Fujisaki served as ambassador to the United States from 2008 until 2012, during the Obama years. Currently he is president of the Nakasone Peace Institute, watching the US presidential election closely from Tokyo.
The campaign will take place in the midst of the coronavirus crisis, and Fujisaki says it’s not clear yet whether that will help Biden or Trump.
"It's 50/50, I think. The coronavirus could work both ways for President Trump. It gives him a good opportunity to appear on television every day with leadership, and that's good. But on the other hand, people remember that, in the first place, he said "Oh it's not a big thing. It'll be over by Easter,” and tried to portray it as a small issue, which was totally wrong."
He says there is another possible concern for Team Trump.
"Last time there were what we called "hidden Trump voters" who said in interviews ‘No, no, I won't go for Trump,” but on election day, they voted for him. I think in 2020, maybe we’ll see the opposite of that. If you're a Republican, you have to say that you're supporting your incumbent president. They will say, "Yes, I'm going to vote for the president, of course, I'm a Republican,” but then not vote. That could happen, I think."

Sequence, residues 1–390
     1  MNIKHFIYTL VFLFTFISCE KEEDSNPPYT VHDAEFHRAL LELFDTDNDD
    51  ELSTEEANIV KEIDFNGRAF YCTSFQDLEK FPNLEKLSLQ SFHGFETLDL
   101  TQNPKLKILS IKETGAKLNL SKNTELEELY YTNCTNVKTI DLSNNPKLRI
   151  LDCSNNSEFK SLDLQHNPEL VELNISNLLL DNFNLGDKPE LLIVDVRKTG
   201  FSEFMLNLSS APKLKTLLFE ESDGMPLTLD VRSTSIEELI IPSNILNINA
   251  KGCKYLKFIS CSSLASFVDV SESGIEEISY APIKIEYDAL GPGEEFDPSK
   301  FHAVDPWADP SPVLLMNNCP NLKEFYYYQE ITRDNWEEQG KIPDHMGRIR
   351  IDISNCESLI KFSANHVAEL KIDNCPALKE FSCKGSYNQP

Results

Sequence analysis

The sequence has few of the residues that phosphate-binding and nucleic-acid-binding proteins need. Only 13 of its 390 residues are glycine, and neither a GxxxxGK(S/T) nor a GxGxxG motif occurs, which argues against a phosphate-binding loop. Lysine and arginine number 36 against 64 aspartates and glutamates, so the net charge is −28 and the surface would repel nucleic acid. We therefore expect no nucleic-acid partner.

Now that Biden has secured the nomination, attention is turning to his choice of running mate. He has publicly pledged that his vice presidential pick will be a woman, and the US has never had a female vice president. Fujisaki thinks one candidate in particular stands out.
"Minnesota Senator Amy Klobuchar would be someone who could represent the middle of the road, from the Midwest, the battleground of the general election. And Mr. Biden is going to be over 80 years old when the next term is over. So maybe the next vice president will end up as a president. Mr. Biden will be thinking, ‘Hey, could she be a president of this country?’ And Amy Klobuchar, I think, has that quality."
Some of the other potential picks also represent ethnic minority groups, but Fujisaki doesn’t see that as a major issue. “My personal view is that Biden is already quite popular amongst minorities. So he doesn't need a minority as vice president."
Fujisaki says he thinks if Biden wins, the US foreign policy could change dramatically, just as it did when Obama took over from Bush, and when Trump replaced Obama. But he says the US policy toward Japan is likely to remain much the same no matter who wins.
"I think the United States needs Japan. And Japan needs the United States. I don’t think the relations will change with the president."
But that may be one of the few things that isn’t at stake in the coming election, as two very different men prepare to battle it out for the top job against the extraordinary backdrop of a global pandemic.